As regular CFZ-watchers will know, for some time Corinna has been doing a column for Animals & Men and a regular segment on On The Track... particularly about out-of-place birds and rare vagrants. There seem to be more and more bird stories from all over the world hitting the news these days so, to make room for them all - and to give them all equal and worthy coverage - she has set up this new blog to cover all things feathery and Fortean.

Monday, 16 April 2018

Exploring "African Galapagos" uncovers mysterious rare birds



6 Apr 2018

Conservationists braved the mountainous landscape of São Tomé Island in the first ever comprehensive study of three elusive bird species, with fascinating results. But their findings also highlight the urgent need for better management of its Natural Park.

It’s not called the “African Galapagos” for nothing. The island of São Tomé, off the west coast of central Africa, is truly one of a kind. For a start, it has a remarkable level of endemism for such a small island: 17 of its 50 bird species are confined to that island alone. It is also unusual in that it has no recorded human-driven bird extinctions – yet.

The island’s rugged landscape has protected its bird population from human influence, but this has proven a double-edged sword, making it difficult to survey the island. And it does need to be surveyed. Because, as every conservationist knows, knowledge is power. We can’t conserve a species unless we know where they live, which habitats they prefer, what’s threatening them and how many (or how few) there are.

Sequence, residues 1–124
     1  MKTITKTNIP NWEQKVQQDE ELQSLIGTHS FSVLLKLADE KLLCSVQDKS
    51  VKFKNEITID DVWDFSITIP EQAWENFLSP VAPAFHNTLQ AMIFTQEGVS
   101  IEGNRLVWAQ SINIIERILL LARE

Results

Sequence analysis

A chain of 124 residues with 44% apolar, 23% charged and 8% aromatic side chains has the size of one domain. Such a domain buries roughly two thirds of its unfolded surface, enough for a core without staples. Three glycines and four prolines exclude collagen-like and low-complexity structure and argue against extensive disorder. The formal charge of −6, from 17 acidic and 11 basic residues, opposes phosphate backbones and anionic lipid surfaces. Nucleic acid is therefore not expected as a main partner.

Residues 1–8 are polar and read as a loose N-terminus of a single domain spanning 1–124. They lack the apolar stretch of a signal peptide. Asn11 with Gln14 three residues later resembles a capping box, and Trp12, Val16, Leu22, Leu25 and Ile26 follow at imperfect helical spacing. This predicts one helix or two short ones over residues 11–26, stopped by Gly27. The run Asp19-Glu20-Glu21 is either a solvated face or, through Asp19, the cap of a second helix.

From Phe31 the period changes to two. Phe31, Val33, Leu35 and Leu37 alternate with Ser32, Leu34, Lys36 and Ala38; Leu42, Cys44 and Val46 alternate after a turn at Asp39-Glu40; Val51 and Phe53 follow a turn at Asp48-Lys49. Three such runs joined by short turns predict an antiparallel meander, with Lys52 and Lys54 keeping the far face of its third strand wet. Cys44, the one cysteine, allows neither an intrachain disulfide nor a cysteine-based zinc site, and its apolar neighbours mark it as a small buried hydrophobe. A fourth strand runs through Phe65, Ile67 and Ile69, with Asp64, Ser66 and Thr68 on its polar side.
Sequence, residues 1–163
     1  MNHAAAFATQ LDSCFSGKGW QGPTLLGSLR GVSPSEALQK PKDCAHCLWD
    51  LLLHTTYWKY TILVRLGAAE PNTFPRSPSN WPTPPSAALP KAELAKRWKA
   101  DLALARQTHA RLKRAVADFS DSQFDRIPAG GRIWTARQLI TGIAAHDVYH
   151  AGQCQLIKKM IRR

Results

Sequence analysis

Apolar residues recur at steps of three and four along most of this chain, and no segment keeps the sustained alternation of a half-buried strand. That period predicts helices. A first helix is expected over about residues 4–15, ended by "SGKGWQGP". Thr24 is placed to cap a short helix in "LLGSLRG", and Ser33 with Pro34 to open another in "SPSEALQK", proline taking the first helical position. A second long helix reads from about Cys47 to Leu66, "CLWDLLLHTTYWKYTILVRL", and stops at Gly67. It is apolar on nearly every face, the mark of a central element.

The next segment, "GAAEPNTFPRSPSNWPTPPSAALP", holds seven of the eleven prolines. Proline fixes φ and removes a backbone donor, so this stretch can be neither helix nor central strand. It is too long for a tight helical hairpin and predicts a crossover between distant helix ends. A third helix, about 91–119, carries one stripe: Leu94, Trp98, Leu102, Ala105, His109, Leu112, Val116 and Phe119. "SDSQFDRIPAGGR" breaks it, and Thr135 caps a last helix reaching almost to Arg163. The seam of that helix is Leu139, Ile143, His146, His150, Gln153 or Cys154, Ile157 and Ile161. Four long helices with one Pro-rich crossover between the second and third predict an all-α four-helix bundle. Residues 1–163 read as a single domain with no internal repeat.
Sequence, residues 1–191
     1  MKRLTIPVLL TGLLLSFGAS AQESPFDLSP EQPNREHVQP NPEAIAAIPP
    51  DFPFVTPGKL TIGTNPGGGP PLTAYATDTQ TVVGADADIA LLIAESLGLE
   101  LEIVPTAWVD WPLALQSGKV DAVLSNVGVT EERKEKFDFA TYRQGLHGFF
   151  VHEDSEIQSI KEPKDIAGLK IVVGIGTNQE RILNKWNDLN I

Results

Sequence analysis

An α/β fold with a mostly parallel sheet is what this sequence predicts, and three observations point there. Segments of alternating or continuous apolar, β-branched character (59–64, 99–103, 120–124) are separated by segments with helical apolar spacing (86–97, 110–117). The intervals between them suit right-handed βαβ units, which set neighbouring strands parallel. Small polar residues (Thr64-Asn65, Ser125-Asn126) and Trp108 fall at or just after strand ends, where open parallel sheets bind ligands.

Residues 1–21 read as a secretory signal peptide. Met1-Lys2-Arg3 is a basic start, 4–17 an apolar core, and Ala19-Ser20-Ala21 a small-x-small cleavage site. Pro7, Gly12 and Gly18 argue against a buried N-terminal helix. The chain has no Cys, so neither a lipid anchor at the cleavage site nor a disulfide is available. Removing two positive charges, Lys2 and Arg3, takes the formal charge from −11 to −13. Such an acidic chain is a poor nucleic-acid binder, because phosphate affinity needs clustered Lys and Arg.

What we do know is this. Among the island’s 17 endemic bird species, nine are classed as globally threatened, with three listed as Critically Endangered on the IUCN Red List: the Newton’s Fiscal Lanius newtoni, São Tomé Grosbeak Crithagra concolor and Dwarf Olive Ibis Bostrychia bocagei. These three species formed the focus of an intrepid survey to discover more about the secretive forests of this island.

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